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Austin Music Landmark, Threadgill's, closing soon


"Do you know who I am?"

I've only been in the area for 23 years, but I am watching all the legendary live music venues and bars which made Austin into the live music capital of the world, home of Janis Joplin, Bob Schnieder, Willie Nelson, Stevie Ray Vaughn, and so many other legends of their craft, all go away one by one. At first they started going away when some big conglomerate would buy the location and brand and destroy and lose its audience, like what happened with the famous Antone's where SRV, the Fabulous Thunderbirds, and Fastball cut their teeth. Some of those names still exist, but they are shadows of shadows of what they once were. Now we are seeing venues which still draw large crowds realize they cannot afford to remain open due to the cost of doing business: massive property tax increases, major increases in regulations and the cost of compliance, cost of employees, newly created noise ordinances, and more, are causing them to just give up.

Threadgill's is in the latter category. Home of Janis Joplin and Willie Nelson, a live stage which is seen on thousands of YouTube concert videos of amazing musical artists, both old and new, is shutting down their classic original location on the one famous Riverside Drive, which is now lined with condo buildings made up of >$500K one room condos and trendy new national chain restaurants which promise cheap organic crap and no wait staff.

This is a sad day, and for me the nail in the coffin of the little hole in the wall legendary bar, kitchen, and stage where you might see an unknown singer/songwriter or a legend like John Prine or Leon Russell on any given night. I saw Pete Townshend there for an unannounced show I didn't even know about, but I walked in for a single beer and to use the restroom and saw him walking onto the stage. Many in the crowd didn't even know who he was until he started singing an acoustic version of 5:15.

I am crying over this, and I blame the Austin city council for not finding a way to protect what should be heritage sites.


Well-Known Member
Staff member
I used to dream of moving to Austin, but not anymore. I’d still prefer it to Houston but Austin’s lost much of its magic over the last decade or so. I fear it’ll be just another big city, indistinguishable from many others in the near future.


Well-Known Member
I used to dream of moving to Austin, but not anymore. I’d still prefer it to Houston but Austin’s lost much of its magic over the last decade or so. I fear it’ll be just another big city, indistinguishable from many others in the near future.
And the most expensive in the great state of Texas......


"Do you know who I am?"
I seriously thought about putting this thread in the politics section, because the root cause of this issue is how the Austin city government is managing their growth and budgets.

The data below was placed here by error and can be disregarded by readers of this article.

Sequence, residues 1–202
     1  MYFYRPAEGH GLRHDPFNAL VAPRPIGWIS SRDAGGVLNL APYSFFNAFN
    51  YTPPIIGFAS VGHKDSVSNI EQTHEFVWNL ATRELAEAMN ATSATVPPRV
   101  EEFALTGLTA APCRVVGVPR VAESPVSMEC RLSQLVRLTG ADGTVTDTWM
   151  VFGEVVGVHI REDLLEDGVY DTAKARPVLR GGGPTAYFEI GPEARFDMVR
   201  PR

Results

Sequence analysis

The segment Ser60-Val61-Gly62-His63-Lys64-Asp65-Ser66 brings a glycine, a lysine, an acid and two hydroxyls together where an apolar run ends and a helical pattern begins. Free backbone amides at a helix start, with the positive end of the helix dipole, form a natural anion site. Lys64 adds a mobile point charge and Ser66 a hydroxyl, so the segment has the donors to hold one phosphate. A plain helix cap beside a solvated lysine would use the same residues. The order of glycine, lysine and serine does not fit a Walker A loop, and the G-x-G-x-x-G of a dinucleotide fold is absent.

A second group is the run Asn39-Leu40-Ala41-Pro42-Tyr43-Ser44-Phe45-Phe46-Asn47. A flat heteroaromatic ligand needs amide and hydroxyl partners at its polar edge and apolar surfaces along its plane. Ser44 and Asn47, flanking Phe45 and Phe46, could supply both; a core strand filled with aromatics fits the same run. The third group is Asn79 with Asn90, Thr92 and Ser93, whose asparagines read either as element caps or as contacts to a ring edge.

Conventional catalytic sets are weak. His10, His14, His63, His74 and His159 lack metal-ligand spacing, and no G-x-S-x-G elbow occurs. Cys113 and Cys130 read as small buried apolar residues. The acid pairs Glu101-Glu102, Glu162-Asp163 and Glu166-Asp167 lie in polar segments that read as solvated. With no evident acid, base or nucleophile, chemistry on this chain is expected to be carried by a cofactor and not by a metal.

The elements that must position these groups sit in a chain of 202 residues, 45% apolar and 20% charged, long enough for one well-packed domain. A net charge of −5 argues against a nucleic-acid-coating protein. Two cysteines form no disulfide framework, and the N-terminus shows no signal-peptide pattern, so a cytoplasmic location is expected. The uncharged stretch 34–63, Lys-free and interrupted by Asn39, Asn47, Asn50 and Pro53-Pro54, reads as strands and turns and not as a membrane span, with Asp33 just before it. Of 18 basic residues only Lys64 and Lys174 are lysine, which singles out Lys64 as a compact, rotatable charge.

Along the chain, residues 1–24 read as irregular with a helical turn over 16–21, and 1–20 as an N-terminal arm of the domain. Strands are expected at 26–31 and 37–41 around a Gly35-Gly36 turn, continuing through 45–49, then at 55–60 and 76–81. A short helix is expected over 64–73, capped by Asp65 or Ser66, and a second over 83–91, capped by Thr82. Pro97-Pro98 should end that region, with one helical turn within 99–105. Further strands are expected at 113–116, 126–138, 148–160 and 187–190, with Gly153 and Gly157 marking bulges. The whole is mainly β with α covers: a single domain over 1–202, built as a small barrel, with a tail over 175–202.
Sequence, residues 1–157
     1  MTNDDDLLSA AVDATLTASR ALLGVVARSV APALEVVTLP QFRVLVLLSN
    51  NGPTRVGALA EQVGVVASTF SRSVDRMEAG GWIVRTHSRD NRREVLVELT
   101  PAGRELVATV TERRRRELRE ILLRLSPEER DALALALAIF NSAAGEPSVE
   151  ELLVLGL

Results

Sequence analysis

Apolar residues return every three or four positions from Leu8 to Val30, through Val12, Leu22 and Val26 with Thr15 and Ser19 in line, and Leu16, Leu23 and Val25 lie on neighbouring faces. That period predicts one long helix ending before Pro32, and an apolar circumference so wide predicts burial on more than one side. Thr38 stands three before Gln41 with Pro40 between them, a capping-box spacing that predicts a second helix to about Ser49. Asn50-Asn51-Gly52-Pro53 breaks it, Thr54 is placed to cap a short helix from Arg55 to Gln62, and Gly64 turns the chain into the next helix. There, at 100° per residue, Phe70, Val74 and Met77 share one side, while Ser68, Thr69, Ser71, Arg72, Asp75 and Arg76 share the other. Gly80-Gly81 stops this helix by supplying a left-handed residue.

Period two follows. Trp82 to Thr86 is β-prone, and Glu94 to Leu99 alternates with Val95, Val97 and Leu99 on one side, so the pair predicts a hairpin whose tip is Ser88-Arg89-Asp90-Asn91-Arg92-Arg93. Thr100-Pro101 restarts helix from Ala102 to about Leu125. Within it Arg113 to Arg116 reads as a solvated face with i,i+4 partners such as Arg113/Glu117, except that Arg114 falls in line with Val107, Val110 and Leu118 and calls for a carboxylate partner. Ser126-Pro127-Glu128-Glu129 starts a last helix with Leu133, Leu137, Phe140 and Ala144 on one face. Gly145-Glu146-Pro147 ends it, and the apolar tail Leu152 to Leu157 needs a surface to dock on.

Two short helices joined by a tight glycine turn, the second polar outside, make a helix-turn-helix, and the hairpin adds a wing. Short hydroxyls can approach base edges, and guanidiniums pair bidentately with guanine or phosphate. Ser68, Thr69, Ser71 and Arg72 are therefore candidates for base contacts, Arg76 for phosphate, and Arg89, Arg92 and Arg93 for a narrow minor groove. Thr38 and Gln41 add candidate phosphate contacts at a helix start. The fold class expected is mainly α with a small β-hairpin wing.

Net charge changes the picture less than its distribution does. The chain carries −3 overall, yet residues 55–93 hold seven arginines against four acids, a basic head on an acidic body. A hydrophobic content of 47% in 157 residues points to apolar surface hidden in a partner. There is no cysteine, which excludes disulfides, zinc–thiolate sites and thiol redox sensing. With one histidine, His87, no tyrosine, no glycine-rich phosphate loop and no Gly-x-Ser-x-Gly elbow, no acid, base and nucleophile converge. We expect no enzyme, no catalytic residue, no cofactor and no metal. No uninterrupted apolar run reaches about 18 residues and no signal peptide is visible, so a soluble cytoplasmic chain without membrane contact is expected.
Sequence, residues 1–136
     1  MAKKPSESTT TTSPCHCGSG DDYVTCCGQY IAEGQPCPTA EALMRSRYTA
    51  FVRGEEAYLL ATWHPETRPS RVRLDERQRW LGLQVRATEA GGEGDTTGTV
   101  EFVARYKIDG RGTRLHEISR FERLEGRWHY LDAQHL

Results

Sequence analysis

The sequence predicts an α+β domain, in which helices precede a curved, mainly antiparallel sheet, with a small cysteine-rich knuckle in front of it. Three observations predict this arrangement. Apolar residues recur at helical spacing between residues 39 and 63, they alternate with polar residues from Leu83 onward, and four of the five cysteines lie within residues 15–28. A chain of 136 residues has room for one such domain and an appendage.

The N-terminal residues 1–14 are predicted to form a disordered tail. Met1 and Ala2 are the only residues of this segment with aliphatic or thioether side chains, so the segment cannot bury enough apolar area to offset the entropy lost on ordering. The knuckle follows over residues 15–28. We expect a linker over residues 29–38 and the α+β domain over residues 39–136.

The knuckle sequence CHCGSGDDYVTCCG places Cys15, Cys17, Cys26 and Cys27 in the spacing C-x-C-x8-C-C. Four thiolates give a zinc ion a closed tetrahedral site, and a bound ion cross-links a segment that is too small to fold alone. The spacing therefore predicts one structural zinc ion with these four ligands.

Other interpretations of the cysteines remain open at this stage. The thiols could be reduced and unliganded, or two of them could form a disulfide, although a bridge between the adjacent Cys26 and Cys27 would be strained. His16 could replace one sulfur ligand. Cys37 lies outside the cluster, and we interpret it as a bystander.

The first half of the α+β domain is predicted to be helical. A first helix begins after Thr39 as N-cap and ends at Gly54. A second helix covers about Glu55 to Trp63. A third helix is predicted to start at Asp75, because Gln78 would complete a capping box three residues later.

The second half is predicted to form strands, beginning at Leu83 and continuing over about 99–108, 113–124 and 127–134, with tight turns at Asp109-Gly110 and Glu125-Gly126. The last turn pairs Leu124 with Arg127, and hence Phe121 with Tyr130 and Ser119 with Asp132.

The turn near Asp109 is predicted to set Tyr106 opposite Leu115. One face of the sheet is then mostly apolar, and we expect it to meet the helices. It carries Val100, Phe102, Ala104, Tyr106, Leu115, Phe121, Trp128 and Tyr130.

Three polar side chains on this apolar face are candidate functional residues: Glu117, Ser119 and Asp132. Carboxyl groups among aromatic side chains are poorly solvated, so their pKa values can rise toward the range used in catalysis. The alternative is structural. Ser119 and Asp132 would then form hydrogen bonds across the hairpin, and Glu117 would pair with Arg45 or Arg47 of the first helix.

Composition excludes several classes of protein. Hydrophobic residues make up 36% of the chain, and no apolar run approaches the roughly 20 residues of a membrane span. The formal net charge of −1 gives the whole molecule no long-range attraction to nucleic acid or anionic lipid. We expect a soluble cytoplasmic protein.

Since this announcement (about Threadgill's), there has been a huge outcry from the longtime locals and many of the new arrivals. A local TV station found someone who just moved here claiming his decision to move was solidified after attending a show at Threadgill's… he was seriously considering the move, but then on a visit went to Threadgill's two night in a row and assumed he could do that many times a week and enjoy music in an environment different from where he was from.

The owners have said in interviews that the cost of doing business has more than quadrupled over the past three years yet all attempts to charge more or offer higher priced items on the menu (both drinks and food) failed to work. They said their draw was their affordability and they didn't want to alienate all their regulars who couldn't afford spending double the price on every visit. They said they watched all the clubs/bars/venues which have managed to adapt and succeed transition into places you wouldn't recognize if you hadn't been there in 5 years - high prices, insanely bizarre menu items, filled with rich hipster-class millennials, and lacking any of the old character; some even abandoning the live music experience for DJs and Karaoke. They said taxes are now higher than the mortgage, and parking is all but gone making it a chore for anyone who lives too far to ride a bike to the location to show up.

Sure, this is just one place and change in inevitable, but this is symptomatic of nearly all of the great Austin businesses who are vanishing or changing to the point they might as well have vanished. It that once a month another story like this gets attention and in the reporting and discussions about the loss we learn about several other long-time legends also shutting down or moving away which didn't get headlines. Sad, really sad.

So, the town I moved to is about two years from being completely gone. However, some of the changes I love, such as the art scene maturing and getting more financial support, the symphony, ballet, and opera doing better, the jazz scene drawing a better class of performer (jazz tends to flourish in the dark corners of successful cities), and so on. But the old, lazy, sloppy, rock and roll scene is on the verge of death.